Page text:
When I made an electronic search of files at the U.S. Patent Office, I found ideas for a gas-powered internal combustion pogo (1950) and a pogo with helicopter blades “for producing a gliding descent between jumps” (1969). In 1967, a Stanford University engineer unveiled designs for a “lunar leaper,” a 1,200-pound vehicle with a pneumatic shaft that could bounce astronauts, in 50-foot arcs, across the low-gravity surface of the moon. In 1990, a San Jose man patented a pogo that crushes beer cans.
None of these adaptations took; some never got built, others never found a market. But why not? And why have others taken off now? The more I talked to Brown, Spencer and Middleton, the more convinced I became of the importance of culture—and timing. The late 1990s saw the rise of “extreme sports” and a generation of teenage mavericks doing stomach-churning tricks on skateboards, snowboards and BMX bikes. The advent of ESPN’s annual X Games gave currency to phrases like “big air,” “vert” and “gnarly.” Soon the label “extreme” was being attached to every manner of boundary-testing contest, from eating to couponing.
But neither Brown nor Middleton was aware of the extreme sports scene when he began; Spencer, though familiar with skis and surfboards, never saw his pogo as any sort of rival. The trio’s motivation—simply to shake up a tired design—was probably not unlike those of earlier inventors whose ideas never got off the ground.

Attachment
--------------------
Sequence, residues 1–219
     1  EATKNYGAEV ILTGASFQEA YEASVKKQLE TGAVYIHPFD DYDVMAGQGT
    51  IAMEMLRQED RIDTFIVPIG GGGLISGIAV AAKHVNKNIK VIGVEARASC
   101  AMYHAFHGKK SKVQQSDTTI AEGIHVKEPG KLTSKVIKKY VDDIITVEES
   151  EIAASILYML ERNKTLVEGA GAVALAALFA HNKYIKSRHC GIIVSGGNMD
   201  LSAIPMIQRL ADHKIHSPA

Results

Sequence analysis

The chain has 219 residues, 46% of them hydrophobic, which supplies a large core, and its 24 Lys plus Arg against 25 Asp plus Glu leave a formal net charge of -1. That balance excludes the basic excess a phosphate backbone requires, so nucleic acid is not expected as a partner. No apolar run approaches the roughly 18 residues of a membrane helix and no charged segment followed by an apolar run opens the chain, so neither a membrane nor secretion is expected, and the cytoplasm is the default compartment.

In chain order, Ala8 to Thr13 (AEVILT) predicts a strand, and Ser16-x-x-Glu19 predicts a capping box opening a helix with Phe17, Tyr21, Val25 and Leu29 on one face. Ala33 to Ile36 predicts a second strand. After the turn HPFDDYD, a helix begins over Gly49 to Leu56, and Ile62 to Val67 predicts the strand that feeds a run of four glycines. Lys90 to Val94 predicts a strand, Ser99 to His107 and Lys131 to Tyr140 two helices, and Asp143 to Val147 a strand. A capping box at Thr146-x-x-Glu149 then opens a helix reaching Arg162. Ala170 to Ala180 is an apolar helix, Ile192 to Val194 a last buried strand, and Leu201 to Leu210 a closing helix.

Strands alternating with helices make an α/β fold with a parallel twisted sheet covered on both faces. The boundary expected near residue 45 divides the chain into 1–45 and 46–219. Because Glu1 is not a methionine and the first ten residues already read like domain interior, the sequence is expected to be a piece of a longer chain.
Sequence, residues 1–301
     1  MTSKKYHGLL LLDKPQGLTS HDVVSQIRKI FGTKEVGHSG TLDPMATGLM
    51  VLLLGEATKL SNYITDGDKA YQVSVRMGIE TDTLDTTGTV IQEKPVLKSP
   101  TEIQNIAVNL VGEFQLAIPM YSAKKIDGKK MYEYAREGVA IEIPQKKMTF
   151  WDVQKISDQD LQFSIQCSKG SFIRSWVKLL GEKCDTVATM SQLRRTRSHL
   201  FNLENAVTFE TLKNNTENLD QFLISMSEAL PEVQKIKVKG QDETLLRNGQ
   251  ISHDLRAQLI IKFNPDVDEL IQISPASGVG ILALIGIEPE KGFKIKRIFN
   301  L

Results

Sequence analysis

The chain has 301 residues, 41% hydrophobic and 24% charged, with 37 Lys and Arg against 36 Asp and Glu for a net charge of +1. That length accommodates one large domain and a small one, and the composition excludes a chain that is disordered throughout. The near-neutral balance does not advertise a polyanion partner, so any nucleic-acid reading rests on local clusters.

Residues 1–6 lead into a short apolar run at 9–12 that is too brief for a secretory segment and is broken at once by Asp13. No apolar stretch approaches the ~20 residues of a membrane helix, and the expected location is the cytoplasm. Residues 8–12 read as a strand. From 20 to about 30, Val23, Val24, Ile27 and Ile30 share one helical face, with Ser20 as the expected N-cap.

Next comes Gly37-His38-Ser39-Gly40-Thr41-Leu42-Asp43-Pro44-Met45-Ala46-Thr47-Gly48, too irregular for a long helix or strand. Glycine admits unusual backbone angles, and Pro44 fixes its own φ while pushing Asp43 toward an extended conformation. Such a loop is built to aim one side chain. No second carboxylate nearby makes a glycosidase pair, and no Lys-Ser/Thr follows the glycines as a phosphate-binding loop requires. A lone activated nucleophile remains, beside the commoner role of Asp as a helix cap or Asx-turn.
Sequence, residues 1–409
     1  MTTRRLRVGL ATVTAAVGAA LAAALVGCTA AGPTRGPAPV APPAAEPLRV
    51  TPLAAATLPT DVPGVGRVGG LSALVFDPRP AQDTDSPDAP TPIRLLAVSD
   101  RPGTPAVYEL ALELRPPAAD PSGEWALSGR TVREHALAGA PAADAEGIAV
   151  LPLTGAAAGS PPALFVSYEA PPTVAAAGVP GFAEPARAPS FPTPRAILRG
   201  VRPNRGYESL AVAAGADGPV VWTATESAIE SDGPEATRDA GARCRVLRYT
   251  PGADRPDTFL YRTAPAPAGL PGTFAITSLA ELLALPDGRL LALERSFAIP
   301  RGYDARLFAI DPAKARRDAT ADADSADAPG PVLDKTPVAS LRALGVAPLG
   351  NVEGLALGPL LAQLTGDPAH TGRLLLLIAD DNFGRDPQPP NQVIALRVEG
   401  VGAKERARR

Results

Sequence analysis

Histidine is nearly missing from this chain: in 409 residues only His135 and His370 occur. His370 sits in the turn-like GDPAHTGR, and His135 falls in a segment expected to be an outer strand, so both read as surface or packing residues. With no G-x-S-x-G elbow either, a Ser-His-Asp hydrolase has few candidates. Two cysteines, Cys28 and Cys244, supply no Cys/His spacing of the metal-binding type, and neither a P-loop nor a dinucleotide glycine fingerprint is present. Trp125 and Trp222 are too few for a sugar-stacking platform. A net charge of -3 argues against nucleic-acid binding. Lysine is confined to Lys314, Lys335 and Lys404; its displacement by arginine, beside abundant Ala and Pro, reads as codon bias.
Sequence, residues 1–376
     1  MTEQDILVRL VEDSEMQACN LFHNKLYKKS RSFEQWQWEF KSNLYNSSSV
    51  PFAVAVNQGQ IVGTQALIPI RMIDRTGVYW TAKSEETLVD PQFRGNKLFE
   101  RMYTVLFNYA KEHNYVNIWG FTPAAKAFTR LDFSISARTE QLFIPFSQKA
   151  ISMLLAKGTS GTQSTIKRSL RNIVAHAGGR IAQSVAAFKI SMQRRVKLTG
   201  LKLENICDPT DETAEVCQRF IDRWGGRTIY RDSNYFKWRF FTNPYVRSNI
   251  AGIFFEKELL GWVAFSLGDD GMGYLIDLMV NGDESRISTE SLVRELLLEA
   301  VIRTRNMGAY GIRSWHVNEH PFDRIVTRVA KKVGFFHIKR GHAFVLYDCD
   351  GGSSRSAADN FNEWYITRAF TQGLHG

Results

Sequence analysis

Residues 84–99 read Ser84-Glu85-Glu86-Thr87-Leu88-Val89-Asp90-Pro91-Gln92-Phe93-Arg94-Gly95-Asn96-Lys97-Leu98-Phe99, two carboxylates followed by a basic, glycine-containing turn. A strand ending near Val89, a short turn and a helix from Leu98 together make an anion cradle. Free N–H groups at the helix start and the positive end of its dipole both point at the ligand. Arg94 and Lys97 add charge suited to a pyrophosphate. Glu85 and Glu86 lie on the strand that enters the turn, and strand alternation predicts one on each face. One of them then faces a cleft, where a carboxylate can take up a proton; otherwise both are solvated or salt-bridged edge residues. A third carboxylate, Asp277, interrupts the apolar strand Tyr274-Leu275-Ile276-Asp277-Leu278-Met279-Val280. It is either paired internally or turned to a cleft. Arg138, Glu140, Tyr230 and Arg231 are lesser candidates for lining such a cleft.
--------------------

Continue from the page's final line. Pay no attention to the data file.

What none of the men knew then was that teenagers weaned on the X Games were rummaging through their garages for any old gizmo to take higher, farther or faster. The pogo appealed to kids who couldn’t—or didn’t want to—compete with the skateboarding hordes or who saw in its goofiness a kind of geeky cool. For several years before the supercharged pogos came to market, teenagers were refining low-altitude tricks like grinds and stalls on conventional sticks and swapping ideas and videos on websites like the Pogo Spot and Xpogo.
This time, when inventors came along with a new and better design, there was a market waiting—and a culture that could make sense of it as the latest extreme pastime.
I caught up not long ago with a few of the country’s best extreme pogoers. A Pittsburgh TV station had hired three members of a troupe known as the Pogo Dudes to perform in a parade.
Fred Grzybowski, a compactly built athlete who is the group’s éminence gris at 22, had driven to town with Tone Staubs and Zac Tucker, all from Ohio. Grzybowski ekes out a living with public performances, corporate functions and commercials. Staubs, 19, has kept his day job at a gas station. Tucker, 16, is a high-school junior.
The night before the parade, I watched a rehearsal in a faintly lit parking lot near Carnegie Mellon. The first thing I noticed was a set of cylinders that looked more like shoulder-mounted rocket launchers than any pogo I remembered from childhood.
Grzybowski, in hoodie and jeans, docked his iPhone into a portable speaker and cranked up the song “Houdini,” by Los Angeles indie rockers Foster the People. The Pogo Dudes were soon leaping through a routine of gravity-snubbing stunts with names like “air walk,” “switch cheese” and “under-the-leg bar spin.” (Fred rides a Flybar; Tone and Zac, Vurtegos.)
At a VIP brunch at a local Marriott after the parade, Grzybowski told me that he’d gotten his first pogo for Christmas when he was 8. It was a plastic stick with an anemic steel spring. But he persevered, learning to ride with no hands or while eating a Popsicle.